While the Omicron surge took the case numbers to another level, we all experienced a sharp drop in daily cases starting this spring. However, the rate is steadily increasing, with a new strain circulating globally. In fact, the national positivity trend is going up with a 32.7% weekly positive case rate.
Is It Too Late to End COVID?
Unfortunately, COVID-19 and its variants are not likely to disappear any time soon. COVID predictions are leaning toward an endemic, meaning the virus will become familiar and seasonal like the cold or flu. COVID will probably transition from a pandemic to an endemic in 2023, which is good and bad news.
In the future endemic, weaker variants may mean fewer deaths, but the number of deaths that will still occur could be staggering. Although we consider Omicron to be less deadly, it has caused more deaths than the Delta variant. This is because Omicron spreads more rapidly.
Deaths aren’t the only negative aspect of endemic COVID. Long COVID symptoms are another severe consequence of allowing this virus to spread unchecked. Infected people who survive their illness may bear lifelong symptoms such as fatigue, headaches, and loss of smell or taste.
Although the COVID endemic predictions may feel discouraging, everyone must maintain hope and continue fighting this disease.
If Americans decide too soon that the battle with COVID is “over,” we could drag this virus with us forever. The virus may become part of our everyday lives, but limiting hospitalizations, deaths, and long COVID illness cases is still crucial.
Understanding An Endemic
Researchers predict that COVID will become endemic. The term “endemic” may seem unfamiliar to many people. After all, we don’t often describe seasonal illnesses like the cold or flu as endemic.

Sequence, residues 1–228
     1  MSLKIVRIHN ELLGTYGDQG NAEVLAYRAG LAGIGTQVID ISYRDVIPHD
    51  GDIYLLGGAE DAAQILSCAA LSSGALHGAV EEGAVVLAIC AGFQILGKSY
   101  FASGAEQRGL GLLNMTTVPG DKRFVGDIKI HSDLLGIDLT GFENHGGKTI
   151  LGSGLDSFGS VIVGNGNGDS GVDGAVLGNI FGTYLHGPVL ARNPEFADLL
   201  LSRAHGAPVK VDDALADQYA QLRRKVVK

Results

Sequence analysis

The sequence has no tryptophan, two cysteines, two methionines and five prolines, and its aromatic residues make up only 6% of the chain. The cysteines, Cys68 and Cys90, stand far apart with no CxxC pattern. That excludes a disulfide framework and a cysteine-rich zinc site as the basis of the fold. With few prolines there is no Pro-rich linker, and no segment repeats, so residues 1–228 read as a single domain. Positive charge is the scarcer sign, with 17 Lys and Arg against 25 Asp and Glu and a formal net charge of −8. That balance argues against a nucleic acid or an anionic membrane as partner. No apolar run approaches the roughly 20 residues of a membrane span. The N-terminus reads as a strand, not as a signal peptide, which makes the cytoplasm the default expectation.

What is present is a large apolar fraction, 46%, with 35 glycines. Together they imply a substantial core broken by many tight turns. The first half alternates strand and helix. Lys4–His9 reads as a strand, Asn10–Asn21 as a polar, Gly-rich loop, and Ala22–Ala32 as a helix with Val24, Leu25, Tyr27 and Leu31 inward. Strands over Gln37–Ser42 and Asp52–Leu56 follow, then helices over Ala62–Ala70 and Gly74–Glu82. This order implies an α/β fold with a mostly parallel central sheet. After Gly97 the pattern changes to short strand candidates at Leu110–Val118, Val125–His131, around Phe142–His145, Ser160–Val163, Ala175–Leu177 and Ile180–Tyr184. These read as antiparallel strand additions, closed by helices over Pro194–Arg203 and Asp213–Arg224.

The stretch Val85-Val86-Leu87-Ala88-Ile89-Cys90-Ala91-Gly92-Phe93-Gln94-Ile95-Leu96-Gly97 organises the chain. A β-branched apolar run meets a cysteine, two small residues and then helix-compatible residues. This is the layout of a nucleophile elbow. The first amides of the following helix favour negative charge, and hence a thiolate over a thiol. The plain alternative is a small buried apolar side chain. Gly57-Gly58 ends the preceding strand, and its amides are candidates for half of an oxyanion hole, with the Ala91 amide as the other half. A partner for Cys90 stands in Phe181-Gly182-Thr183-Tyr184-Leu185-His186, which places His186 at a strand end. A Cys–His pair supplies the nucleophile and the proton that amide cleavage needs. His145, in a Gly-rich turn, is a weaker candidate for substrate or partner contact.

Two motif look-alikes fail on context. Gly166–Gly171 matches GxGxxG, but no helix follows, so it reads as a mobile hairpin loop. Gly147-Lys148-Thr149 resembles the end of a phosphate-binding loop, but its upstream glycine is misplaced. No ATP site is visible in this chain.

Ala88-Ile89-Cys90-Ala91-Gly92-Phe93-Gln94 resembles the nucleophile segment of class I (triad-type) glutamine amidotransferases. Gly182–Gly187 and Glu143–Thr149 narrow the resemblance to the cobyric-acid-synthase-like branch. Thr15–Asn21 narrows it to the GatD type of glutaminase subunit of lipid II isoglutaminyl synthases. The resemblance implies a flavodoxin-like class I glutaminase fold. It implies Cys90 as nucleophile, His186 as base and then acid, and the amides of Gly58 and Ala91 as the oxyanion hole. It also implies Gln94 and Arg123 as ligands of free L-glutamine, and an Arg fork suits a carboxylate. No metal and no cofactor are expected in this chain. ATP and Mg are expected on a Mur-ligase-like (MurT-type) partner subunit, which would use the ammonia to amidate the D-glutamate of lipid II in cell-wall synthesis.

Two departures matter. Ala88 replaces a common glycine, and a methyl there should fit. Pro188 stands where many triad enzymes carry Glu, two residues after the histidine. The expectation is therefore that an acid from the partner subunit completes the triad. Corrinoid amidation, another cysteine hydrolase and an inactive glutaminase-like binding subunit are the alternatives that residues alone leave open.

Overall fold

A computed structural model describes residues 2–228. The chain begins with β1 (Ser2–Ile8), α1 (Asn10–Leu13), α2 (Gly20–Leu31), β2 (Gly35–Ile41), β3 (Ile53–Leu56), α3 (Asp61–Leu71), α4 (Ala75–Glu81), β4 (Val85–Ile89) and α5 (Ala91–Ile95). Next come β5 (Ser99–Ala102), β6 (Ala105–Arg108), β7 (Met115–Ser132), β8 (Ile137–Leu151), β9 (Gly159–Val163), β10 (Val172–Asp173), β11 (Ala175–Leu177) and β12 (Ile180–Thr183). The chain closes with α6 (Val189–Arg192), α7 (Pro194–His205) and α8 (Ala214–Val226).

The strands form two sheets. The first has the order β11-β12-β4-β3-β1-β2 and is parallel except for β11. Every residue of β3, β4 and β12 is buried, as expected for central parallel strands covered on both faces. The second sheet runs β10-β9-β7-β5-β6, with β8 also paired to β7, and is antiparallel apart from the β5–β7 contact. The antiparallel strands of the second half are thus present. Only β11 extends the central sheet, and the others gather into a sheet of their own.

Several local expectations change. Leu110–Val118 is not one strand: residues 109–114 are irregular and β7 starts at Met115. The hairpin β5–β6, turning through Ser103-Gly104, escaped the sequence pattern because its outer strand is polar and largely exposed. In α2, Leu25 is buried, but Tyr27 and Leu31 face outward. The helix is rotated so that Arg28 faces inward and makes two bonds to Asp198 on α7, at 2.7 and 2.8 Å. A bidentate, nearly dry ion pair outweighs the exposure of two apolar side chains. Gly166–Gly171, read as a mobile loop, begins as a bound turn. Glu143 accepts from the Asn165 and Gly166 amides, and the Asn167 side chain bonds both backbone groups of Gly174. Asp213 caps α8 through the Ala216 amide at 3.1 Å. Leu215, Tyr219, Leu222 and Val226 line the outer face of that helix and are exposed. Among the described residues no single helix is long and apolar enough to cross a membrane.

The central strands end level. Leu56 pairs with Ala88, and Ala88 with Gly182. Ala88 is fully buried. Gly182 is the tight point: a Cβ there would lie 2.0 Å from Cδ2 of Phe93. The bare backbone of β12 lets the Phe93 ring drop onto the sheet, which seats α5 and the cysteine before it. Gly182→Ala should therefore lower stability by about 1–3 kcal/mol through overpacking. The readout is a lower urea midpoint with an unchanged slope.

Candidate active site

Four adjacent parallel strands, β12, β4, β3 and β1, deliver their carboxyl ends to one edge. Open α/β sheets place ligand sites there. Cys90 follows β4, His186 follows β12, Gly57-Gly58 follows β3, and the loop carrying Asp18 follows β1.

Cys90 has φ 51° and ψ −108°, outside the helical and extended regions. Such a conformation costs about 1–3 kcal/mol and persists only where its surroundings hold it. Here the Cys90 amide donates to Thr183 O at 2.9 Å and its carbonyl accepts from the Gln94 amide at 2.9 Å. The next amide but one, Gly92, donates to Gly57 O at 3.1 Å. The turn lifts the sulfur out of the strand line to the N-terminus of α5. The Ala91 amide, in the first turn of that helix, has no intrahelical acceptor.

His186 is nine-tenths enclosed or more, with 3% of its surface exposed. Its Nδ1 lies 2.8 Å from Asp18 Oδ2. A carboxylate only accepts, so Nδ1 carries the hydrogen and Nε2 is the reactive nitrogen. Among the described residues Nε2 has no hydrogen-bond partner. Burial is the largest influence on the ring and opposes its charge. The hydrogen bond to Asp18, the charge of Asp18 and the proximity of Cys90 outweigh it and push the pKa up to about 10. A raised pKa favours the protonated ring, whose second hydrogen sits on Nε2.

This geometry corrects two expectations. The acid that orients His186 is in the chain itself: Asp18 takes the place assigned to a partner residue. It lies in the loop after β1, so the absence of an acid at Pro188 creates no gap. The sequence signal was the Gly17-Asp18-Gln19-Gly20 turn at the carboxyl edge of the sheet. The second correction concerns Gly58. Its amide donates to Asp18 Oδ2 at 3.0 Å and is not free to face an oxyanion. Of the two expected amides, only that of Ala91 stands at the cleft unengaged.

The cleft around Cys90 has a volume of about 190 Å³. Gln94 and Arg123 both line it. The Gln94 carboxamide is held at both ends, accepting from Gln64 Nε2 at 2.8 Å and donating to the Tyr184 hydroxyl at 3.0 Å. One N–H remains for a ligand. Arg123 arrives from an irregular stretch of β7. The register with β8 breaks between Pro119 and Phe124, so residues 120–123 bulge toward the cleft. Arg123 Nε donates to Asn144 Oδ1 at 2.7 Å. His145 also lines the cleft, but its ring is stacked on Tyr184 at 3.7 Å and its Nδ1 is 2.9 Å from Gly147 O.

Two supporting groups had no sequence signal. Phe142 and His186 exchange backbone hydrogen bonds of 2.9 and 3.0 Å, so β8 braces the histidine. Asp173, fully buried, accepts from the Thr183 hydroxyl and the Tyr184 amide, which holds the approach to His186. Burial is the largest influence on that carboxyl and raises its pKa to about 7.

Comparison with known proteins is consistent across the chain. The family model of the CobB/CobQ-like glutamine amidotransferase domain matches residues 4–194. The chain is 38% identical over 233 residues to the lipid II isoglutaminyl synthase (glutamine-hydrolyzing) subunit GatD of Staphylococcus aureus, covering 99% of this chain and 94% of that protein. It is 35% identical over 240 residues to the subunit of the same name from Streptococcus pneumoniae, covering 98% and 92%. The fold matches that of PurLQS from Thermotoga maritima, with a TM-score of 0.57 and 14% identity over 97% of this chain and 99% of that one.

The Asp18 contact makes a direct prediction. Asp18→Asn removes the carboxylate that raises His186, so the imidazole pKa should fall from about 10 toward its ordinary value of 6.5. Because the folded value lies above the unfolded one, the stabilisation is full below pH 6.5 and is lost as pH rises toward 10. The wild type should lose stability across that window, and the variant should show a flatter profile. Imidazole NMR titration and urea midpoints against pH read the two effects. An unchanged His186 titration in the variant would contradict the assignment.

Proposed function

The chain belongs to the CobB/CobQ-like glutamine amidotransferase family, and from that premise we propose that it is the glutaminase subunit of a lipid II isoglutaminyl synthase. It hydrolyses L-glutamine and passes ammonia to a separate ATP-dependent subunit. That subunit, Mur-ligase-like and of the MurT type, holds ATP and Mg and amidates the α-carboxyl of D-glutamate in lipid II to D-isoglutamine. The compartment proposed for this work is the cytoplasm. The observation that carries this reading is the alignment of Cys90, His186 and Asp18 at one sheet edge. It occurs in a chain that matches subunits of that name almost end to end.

An endemic is a constant presence of a disease within a given population. Examples of endemic diseases include influenza, malaria, HIV, and syphilis.
Endemics are very difficult, if not impossible, to completely remove from society, but they are manageable. Awareness of the endemic disease is widespread, and most populations know what they need to do to avoid becoming ill. For example, screen doors have become very common in places where mosquitoes spread malaria.
How Do Endemics Happen?
Any pandemic can eventually become endemic, given the right components. In general, a disease needs to become highly contagious but not highly deadly. This allows the infection to spread quickly between living hosts.
Diseases like Rabies are not spread quickly, but they are deadly. The host usually dies before they can infect many other hosts. Rabies is not likely to become endemic.
On the other hand, diseases like Ebola are highly contagious and highly deadly. One host can infect many other hosts, but victims will die quickly, limiting the spread of the disease. Ebola is not likely to become endemic.
COVID, especially Omicron variants, strikes the delicate balance between contagiousness and deadliness. Omicron can spread very quickly throughout a population without killing very many people. Omicron is likely to become endemic.
Can Endemics Be Reversed?
Once a disease becomes endemic, it is likely to remain permanent in the population. Rates of infection can rise and fall, but some members of society will always be sick. Generally, endemics peak during cold seasons when people bundle up indoors.